Watch My Son the Fanatic
- 1 hr 27 min
The movie opens with a close-up of a man's face, staring sternly ahead while driving through the bustling streets of Bradford, England. This man is Parvez (Om Puri), a Pakistani immigrant who has lived in the UK for many years and now works as a taxi driver. At first glance, Parvez seems to be living the classic immigrant success story - he has a comfortable home, a loving wife (Gita, played by Gopi Desai), and a teenage son named Farid (Akbar Kurtha) who is doing well in school. But as the story unfolds, it becomes clear that things are not quite so rosy in Parvez's world.
The first hint of trouble comes when Parvez's taxi is hijacked by a group of young British men who demand to be taken to a seedy red-light district. Parvez, who is desperate to appease his customers and earn a good tip, reluctantly agrees to take them there - much to the disgust of his devout Muslim co-worker, who refuses to be a part of such activities. This incident sets the stage for the central conflict of the movie, which is the clash between Parvez's desire for material success and his son's growing religious fundamentalism.
The catalyst for this clash is Bettina (Rachel Griffiths), a German prostitute whom Parvez begins to develop a close relationship with. Bettina, who is a regular customer of Parvez's taxi service, is drawn to him because he is kind and gentle - qualities that are in short supply in her line of work. As the two of them spend more time together, it becomes clear that they have a real connection - something that Parvez's wife notices and finds deeply troubling.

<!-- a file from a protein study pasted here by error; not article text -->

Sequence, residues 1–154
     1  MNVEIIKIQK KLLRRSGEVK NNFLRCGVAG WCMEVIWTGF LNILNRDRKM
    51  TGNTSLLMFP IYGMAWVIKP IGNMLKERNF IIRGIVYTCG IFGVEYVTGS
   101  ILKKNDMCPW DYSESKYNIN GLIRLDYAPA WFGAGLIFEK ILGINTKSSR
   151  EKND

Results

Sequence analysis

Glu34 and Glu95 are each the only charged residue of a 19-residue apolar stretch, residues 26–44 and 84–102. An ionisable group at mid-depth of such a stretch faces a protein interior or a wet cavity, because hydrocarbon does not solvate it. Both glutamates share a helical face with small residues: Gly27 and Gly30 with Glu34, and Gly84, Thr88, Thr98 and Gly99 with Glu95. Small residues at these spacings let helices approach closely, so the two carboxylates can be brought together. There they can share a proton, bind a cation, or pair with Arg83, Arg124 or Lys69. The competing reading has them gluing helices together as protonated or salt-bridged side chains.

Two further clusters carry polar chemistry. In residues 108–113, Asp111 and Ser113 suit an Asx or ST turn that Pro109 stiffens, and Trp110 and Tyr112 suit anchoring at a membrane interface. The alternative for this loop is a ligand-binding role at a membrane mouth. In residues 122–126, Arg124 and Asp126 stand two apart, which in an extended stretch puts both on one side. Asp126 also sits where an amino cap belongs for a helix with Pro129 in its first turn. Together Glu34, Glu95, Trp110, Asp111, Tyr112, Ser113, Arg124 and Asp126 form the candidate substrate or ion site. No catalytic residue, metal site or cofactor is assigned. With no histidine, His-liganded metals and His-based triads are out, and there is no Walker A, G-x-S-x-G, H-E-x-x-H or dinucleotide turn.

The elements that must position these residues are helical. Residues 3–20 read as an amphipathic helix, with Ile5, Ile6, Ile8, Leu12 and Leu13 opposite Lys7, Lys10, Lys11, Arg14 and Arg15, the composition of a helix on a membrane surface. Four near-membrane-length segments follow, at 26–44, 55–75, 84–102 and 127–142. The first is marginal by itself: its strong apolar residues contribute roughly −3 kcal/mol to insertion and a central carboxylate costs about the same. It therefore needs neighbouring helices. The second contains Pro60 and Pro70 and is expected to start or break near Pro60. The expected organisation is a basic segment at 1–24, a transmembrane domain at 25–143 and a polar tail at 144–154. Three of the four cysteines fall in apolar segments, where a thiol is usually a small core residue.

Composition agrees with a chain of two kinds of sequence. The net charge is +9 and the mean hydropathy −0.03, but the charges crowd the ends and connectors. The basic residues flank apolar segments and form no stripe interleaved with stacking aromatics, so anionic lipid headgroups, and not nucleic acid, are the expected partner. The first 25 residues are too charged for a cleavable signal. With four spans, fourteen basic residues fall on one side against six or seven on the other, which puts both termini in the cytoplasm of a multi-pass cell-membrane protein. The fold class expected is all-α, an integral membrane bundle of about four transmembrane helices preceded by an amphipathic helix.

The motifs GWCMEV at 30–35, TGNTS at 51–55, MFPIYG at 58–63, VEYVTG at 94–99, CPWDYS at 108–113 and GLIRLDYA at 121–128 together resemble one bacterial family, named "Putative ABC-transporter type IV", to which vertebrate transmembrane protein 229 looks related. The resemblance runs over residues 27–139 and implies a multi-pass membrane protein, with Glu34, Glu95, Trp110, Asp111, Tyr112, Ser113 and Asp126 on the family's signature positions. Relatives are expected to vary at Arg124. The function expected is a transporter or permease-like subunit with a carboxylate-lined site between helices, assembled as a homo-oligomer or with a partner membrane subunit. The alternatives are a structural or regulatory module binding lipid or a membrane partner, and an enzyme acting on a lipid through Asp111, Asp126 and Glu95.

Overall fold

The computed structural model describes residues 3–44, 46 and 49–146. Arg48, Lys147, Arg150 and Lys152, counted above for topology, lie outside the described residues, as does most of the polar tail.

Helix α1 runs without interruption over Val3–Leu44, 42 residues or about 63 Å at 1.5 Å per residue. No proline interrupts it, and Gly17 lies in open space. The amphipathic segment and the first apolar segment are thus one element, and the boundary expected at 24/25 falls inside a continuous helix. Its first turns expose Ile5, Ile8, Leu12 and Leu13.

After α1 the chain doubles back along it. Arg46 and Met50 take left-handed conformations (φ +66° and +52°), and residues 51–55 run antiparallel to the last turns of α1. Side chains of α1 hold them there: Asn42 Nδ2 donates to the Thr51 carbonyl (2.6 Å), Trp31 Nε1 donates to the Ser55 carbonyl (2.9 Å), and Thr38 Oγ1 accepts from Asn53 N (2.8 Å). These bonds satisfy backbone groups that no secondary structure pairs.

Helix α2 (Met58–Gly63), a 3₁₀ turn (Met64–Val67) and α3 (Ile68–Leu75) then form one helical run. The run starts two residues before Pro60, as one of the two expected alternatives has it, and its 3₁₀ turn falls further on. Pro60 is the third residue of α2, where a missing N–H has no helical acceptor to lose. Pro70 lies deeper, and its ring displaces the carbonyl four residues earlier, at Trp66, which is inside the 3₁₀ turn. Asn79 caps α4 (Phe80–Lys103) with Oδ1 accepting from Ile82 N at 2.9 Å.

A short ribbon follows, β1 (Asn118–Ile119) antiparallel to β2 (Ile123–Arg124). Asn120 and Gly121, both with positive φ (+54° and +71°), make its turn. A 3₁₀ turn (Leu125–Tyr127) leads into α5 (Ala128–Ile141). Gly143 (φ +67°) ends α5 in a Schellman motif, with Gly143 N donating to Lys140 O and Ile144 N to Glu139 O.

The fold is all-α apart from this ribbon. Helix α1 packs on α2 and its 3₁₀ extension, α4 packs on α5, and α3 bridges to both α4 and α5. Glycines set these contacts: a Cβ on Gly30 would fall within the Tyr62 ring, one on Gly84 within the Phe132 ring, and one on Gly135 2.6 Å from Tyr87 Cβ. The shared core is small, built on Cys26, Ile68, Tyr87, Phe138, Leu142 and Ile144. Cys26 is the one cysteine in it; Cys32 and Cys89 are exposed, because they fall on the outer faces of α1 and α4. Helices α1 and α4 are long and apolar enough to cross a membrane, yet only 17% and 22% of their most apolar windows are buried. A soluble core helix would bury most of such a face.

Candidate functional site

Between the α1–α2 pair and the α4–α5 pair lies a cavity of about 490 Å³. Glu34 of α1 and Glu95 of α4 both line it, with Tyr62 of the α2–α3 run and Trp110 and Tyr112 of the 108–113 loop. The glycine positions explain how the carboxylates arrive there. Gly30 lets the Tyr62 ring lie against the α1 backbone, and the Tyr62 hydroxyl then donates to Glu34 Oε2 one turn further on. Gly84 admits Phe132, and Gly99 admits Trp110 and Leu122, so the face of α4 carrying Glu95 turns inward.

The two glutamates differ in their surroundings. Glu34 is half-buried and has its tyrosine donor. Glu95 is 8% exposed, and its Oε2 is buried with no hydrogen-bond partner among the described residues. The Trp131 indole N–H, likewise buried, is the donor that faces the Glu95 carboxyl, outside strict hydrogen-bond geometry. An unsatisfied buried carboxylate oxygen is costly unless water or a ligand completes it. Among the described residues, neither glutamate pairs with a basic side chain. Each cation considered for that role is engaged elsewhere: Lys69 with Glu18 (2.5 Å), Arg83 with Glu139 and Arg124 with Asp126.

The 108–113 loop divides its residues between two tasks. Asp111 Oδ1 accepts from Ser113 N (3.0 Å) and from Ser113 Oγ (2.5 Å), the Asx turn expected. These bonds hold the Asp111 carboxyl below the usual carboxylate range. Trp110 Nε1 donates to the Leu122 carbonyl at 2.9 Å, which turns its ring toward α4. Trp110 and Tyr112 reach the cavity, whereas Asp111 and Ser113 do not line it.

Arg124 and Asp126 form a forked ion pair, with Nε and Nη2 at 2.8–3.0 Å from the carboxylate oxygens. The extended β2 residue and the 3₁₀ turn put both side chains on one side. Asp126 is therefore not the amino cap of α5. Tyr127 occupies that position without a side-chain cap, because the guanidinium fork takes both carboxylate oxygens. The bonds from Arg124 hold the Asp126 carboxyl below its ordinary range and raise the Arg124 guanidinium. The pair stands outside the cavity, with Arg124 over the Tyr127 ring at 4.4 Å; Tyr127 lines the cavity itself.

Meanwhile, Farid's teenage rebellion takes a dark turn when he falls in with a group of Islamic extremists who are intent on purging the community of anything they deem un-Islamic. Farid, who used to be a bright and promising student, becomes increasingly erratic and hostile as he falls further under the sway of his radical friends.
As the movie progresses, these two storylines gradually converge, leading to a heart-wrenching confrontation between father and son. Through it all, Om Puri gives a compelling performance as a man torn between his love for his family and his desire to assimilate into British society. Rachel Griffiths is equally impressive as Bettina, bringing nuance and empathy to a character who could easily have been written off as a two-dimensional stereotype.
Overall, My Son the Fanatic is a powerful exploration of the challenges facing immigrants who are caught between two cultures. It grapples with questions of identity, faith, and the tension between tradition and modernity, all while maintaining a sense of humanity and compassion for its characters. It's a movie that refuses to paint anyone as purely good or evil, instead opting for a more nuanced and complex portrait of the immigrant experience. Highly recommended for anyone interested in exploring these themes in depth.
My Son the Fanatic is a 1997 drama with a runtime of 1 hour and 27 minutes. It has received mostly positive reviews from critics and viewers, who have given it an IMDb score of 6.8.